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Mark Cavendish wants his Netflix documentary to boost mental health awareness

Star sprinter opens up about his struggles with depression in programme which debuts on streaming platform next week

Mark Cavendish, who is the subject of a Netflix documentary that airs next week, has said that he hopes the programme will raise awareness of mental health issues and has revealed that doctors were worried that he would self-harm after he was diagnosed with depression.

The 37-year-old, who broke his collarbone in a crash at the Tour de France earlier this month, denying him the chance to clinch the 35th victory that would see him move ahead of Eddy Merckx as the winner of most stages at the race, speaks in the film about his own struggles.

>Mark Cavendish reveals "dark" struggle with depression

The Astana-Qazaqstan rider was diagnosed as being clinically depressed in August 2018 as he struggled to recover from a debilitating virus that was not immediately identified by his then team’s doctors, leading to what at the time appeared to be an inexplicable loss of form.

He had been diagnosed with the Epstein-Barr virus, which causes infectious mononucleosis, or glandular fever, in April 2017 after suffering from what he described as “unexplained fatigue” while training.

Sky Sports reports that he wants the documentary, Mark Cavendish: Never Enough, available on the streaming platform from Tuesday, to help people who a similarly struggling with their mental health, but insists he is not himself looking for sympathy.

“I’m conscious there are people in a lot worse situations than me,” he explained.

“I don't want to sit here saying I feel sorry for myself,” Cavendish said. “I’m privileged to have the life I’ve had. What we want the film to show is that depression can affect anybody in the world, no matter who you are.”

Speaking after a private screening of the film in London earlier this week, he said: “Everyone is human.

“It doesn't matter where you are in life, what your background is or what you do. We're all humans and it's relatable.

“The irony is that you feel so alone if you suffer when in fact everyone is probably there thinking they're alone. If you talk you'd be surprised how much you've got in common.”

Speaking about how he had managed to come to terms with his depression, Cavendish said: “It’s an understanding that there’s a ladder in the middle of that spiral down and you can get on that ladder and climb up.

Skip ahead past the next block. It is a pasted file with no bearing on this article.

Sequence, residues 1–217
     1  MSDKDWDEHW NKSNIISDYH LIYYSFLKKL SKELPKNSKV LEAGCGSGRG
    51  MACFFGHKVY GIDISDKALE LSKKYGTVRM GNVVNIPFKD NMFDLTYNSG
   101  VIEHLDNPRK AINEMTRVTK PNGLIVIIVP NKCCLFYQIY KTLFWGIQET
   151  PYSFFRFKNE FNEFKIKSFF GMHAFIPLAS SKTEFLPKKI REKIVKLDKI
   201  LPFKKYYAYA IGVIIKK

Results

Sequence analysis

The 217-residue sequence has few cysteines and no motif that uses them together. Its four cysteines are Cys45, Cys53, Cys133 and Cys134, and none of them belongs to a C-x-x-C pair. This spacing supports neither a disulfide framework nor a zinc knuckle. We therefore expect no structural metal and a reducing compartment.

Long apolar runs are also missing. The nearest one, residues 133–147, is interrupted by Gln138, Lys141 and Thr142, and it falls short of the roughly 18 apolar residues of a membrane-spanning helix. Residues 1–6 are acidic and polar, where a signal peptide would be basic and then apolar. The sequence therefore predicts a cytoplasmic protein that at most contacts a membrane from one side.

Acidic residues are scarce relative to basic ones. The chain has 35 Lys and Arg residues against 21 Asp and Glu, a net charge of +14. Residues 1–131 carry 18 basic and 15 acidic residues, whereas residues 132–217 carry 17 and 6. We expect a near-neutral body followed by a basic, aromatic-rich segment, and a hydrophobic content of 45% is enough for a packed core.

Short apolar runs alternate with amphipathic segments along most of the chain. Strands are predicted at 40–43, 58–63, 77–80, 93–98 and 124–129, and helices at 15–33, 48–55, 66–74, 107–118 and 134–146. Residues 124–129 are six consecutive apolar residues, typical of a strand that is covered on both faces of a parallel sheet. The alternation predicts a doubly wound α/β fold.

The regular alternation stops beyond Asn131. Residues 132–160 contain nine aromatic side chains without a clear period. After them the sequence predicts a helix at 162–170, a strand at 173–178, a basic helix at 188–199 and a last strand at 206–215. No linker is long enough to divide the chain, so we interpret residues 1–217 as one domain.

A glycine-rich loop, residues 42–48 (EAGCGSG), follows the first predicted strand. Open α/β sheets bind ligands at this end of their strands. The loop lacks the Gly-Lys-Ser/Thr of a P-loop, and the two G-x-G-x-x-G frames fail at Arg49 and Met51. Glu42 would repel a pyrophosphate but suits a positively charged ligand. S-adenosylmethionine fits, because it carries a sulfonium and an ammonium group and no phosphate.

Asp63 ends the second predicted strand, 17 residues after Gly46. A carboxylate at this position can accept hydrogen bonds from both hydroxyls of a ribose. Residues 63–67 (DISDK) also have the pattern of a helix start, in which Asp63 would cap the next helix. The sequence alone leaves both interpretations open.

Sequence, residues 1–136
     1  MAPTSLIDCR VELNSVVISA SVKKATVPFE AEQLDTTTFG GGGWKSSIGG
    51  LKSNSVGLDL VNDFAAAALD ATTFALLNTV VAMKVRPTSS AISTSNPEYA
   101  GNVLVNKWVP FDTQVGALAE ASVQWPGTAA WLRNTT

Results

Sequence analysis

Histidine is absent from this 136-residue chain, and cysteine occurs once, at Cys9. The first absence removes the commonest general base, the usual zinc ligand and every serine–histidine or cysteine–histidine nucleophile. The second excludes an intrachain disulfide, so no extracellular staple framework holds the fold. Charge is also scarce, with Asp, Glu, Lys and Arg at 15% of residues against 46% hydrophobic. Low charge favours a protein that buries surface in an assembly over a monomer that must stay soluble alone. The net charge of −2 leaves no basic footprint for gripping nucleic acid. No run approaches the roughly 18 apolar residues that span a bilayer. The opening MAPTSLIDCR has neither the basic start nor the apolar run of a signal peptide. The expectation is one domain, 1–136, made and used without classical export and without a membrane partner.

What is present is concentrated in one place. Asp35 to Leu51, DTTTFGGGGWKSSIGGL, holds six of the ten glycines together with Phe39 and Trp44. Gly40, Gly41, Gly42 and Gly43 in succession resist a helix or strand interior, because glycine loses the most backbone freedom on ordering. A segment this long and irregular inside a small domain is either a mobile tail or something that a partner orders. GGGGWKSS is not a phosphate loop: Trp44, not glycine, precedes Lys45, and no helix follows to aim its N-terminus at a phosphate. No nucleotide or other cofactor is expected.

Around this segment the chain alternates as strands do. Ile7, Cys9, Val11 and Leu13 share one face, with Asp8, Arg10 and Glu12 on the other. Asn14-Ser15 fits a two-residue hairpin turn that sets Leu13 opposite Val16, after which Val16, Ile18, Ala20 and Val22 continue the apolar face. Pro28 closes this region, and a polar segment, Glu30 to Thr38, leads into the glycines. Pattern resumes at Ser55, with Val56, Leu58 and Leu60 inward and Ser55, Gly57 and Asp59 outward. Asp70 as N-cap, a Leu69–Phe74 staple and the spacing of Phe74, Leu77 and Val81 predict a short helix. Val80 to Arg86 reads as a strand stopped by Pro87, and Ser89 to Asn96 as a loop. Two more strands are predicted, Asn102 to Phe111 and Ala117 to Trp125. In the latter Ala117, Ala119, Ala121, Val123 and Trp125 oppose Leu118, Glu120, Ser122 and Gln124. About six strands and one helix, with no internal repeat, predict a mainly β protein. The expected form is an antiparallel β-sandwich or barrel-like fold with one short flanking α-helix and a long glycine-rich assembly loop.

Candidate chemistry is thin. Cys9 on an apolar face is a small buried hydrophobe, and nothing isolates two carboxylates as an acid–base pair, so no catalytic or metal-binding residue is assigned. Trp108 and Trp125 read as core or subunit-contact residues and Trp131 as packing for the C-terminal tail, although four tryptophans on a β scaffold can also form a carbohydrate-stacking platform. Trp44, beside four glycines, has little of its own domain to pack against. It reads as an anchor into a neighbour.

“It doesn't matter where you’re at. It’s keeping that hope and good people around you.”

The documentary focuses on Cavendish’s return to the Tour de France in 2021, when he won four stages – his first for five years – to draw level with Merckx on 34 victories, as well as clinching the green points jersey for the second time in his career.

Cavendish, who won the final stage of May’s Giro d’Italia in Rome shortly after he had announced plans to retire at the end of the season, remains tight-lipped over reports that his team has offered to extend his contract for a further year to allow him another shot at that 35th Tour de France stage win.

He also emphasised the importance to him of family and how his wife Peta and their children had given him during his struggles with his mental health.

“Absolutely you learn what is important, 100 per cent,” Cavendish said, adding that cycling “is my job. Don't get me wrong, I love it. I know I'm incredibly fortunate to do what is my passion for my job but my purpose is to be a husband and a father more than anything else.

“You don’t want situations like what's in the film but you see the positives at the end of the day. I tend to look at a lot more positives in things and understand what’s fundamentally important. It’s actually quite a nice head space to be in,” he added.

Anyone feeling emotionally distressed or suicidal can call Samaritans for help on 116 123 or email jo [at] in the UK. In the US, call the Samaritans branch in your area or 1 (800) 273-TALK.

Simon joined as news editor in 2009 and is now the site’s community editor, acting as a link between the team producing the content and our readers. A law and languages graduate, published translator and former retail analyst, he has reported on issues as diverse as cycling-related court cases, anti-doping investigations, the latest developments in the bike industry and the sport’s biggest races. Now back in London full-time after 15 years living in Oxford and Cambridge, he loves cycling along the Thames but misses having his former riding buddy, Elodie the miniature schnauzer, in the basket in front of him.

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